by Steven Ertelt
April 11, 2008
Canton, OH (LifeNews.com) — Attorneys for convicted former police officer Bobby Cutts have filed an appeal with the 5th District Court of Appeals. Cutts was convicted of double murder for killing his pregnant girlfriend and her nine-month-old unborn child — in an application of an unborn victims law pro-life groups supported.
Cutts was found guilty of killing his pregnant girlfriend Jesse Davis and her baby Chloe and will serve a life sentence in prison without the possibility of parole until he’s been in jail for 57 years.
The Canton Repository indicates the defense attorneys allege the judge failed to instruct the jury it could convict Cutts on lesser charges.
The appeal also contends impermissible hearsay was allowed at the trial, and cites inconsistent verdicts, a refusal to change the venue, and sufficiency of evidence as potential reasons for reviewing the case.
The jury found Cutts guilty of aggravated murder in the death of Chloe and guilty of a lesser murder charge related to Davis’ death.
During the trial, Cutts sobbed on the witness stand as he admitted killing Davis and Chloe, though he claimed their deaths were an accident and he didn’t mean to harm them. Prosecutors contended Cutts strangled Davis because of disagreements about child support and financial issues.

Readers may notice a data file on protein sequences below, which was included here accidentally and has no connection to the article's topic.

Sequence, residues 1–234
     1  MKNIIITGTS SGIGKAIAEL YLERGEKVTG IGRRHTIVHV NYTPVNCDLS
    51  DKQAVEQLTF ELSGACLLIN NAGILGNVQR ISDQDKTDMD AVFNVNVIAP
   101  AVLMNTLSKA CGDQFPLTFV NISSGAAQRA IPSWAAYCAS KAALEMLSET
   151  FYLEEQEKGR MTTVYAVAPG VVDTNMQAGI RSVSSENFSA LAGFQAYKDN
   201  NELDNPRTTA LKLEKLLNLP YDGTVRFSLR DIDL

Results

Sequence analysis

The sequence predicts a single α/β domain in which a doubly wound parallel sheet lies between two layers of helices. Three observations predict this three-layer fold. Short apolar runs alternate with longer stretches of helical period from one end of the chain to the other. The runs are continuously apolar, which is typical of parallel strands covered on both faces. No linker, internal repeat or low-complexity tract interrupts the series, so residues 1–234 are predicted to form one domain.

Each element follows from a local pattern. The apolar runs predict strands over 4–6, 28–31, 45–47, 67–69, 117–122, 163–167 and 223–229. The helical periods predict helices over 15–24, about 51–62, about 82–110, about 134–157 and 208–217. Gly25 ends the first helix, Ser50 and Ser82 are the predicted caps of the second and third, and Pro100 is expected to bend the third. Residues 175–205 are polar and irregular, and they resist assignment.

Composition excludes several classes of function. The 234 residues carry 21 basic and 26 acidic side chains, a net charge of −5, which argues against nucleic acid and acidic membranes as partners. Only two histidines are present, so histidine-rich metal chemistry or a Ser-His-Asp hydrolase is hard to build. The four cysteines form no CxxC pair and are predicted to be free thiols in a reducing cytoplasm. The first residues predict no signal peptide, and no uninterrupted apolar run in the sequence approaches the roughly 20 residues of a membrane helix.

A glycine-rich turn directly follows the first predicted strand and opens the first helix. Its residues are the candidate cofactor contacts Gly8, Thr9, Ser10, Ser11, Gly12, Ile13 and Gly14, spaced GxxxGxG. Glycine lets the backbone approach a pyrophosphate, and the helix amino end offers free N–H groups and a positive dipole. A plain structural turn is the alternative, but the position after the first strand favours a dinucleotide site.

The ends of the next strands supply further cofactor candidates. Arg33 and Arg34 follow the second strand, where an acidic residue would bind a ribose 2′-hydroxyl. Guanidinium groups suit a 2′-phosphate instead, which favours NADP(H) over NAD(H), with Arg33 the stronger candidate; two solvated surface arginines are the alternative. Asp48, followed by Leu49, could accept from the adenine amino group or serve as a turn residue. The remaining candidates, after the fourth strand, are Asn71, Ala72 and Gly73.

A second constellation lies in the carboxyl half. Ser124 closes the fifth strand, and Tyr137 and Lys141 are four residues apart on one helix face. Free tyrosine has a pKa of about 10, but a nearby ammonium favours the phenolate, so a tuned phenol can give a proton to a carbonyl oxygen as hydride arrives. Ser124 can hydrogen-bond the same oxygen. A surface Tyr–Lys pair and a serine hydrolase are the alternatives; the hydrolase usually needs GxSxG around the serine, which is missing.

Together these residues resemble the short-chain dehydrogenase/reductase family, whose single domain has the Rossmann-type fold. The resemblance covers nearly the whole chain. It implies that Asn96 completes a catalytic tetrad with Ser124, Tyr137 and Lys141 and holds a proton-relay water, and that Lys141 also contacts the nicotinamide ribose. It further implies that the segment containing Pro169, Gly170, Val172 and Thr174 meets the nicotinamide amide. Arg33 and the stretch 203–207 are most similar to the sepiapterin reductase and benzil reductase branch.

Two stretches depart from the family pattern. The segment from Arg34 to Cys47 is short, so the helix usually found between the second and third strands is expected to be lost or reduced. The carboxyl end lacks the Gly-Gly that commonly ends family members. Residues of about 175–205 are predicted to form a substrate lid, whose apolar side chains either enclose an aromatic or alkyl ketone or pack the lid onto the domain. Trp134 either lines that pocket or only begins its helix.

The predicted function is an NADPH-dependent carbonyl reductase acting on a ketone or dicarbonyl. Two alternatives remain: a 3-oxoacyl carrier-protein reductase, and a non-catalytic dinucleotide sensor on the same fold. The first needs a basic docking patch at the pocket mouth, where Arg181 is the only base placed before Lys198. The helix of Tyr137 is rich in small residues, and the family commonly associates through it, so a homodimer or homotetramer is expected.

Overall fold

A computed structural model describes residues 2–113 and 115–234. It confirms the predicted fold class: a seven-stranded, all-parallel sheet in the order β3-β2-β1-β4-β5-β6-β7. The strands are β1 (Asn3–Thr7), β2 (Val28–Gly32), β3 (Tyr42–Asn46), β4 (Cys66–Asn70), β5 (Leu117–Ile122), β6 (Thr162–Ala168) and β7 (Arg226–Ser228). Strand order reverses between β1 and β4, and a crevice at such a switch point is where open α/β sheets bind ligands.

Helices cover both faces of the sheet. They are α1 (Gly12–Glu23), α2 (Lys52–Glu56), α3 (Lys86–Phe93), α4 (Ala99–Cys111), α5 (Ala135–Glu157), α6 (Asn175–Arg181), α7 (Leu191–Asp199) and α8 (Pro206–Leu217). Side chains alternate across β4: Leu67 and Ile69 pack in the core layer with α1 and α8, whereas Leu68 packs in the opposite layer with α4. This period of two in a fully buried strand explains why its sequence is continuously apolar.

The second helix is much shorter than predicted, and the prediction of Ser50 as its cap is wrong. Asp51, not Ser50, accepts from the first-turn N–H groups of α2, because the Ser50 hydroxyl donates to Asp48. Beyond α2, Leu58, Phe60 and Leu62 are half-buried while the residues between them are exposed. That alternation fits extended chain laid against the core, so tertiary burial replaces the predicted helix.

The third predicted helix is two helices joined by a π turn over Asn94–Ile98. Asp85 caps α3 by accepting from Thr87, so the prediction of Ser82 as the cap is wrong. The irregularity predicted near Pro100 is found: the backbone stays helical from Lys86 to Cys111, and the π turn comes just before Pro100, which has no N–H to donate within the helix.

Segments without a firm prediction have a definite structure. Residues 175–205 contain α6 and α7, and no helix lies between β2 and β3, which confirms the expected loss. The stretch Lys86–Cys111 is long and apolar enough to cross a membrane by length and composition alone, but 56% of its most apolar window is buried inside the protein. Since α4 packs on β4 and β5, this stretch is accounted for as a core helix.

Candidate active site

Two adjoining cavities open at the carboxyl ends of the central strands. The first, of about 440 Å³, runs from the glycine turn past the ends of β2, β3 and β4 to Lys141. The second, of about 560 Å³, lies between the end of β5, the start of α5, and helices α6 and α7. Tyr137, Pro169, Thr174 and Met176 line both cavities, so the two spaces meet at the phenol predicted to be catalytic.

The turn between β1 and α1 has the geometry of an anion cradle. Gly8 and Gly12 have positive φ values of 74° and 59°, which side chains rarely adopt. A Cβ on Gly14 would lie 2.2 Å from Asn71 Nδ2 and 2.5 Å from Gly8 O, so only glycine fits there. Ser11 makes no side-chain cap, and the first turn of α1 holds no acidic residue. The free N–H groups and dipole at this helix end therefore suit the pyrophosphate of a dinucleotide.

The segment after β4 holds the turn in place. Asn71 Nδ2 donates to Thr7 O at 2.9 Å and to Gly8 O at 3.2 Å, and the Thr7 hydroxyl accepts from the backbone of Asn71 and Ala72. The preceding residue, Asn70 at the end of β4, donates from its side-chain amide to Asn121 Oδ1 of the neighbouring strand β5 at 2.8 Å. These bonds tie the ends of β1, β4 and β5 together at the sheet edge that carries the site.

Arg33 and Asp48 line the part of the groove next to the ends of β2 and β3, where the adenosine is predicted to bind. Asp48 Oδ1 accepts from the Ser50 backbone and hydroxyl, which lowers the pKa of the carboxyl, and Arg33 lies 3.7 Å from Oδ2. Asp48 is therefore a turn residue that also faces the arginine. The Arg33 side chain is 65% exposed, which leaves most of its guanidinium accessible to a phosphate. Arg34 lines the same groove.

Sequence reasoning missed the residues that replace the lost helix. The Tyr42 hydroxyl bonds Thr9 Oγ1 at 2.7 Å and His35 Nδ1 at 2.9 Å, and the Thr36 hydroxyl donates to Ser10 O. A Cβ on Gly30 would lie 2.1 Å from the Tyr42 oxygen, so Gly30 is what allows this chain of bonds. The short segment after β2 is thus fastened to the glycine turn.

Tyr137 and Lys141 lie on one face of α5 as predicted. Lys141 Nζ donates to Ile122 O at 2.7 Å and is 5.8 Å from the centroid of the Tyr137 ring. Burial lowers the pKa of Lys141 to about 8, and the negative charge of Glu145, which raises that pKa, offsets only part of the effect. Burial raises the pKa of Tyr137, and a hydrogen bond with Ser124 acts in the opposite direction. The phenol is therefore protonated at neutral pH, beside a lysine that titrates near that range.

When investigating the 26 year-old Davis’ home, authorities found overturned furniture and bleached spilled on the floor, likely to cover up the blood loss resulting from the attack.
Officials eventually found Davis’ body Saturday in Cuyahoga Valley National Park, with the body of her dead daughter Chloe still inside her.
The case is one of the latest to draw the nation’s attention to violence against pregnant women and how they are frequently targeted because of their pregnancy.
Cutts was charged both for the murder of Jesse Davis and Chloe under an Ohio unborn victims law that allows a second charge when an unborn child is killed. The law is similar to the one used to prosecute Scott Peterson in the deaths of his wife and unborn son Laci and Conner.
Ohio’s law says that, at any stage of a pregnancy, if an "unborn member of the species homo sapiens, who is or was carried in the womb of another" is killed, it is aggravated murder, murder, voluntary manslaughter, involuntary manslaughter, negligent homicide, aggravated vehicular homicide, or vehicular homicide, depending on the circumstances.
The Ohio law was adopted in 1998 and similar laws are in effect in 36 states with 26 of them that protect mothers and their babies throughout pregnancy.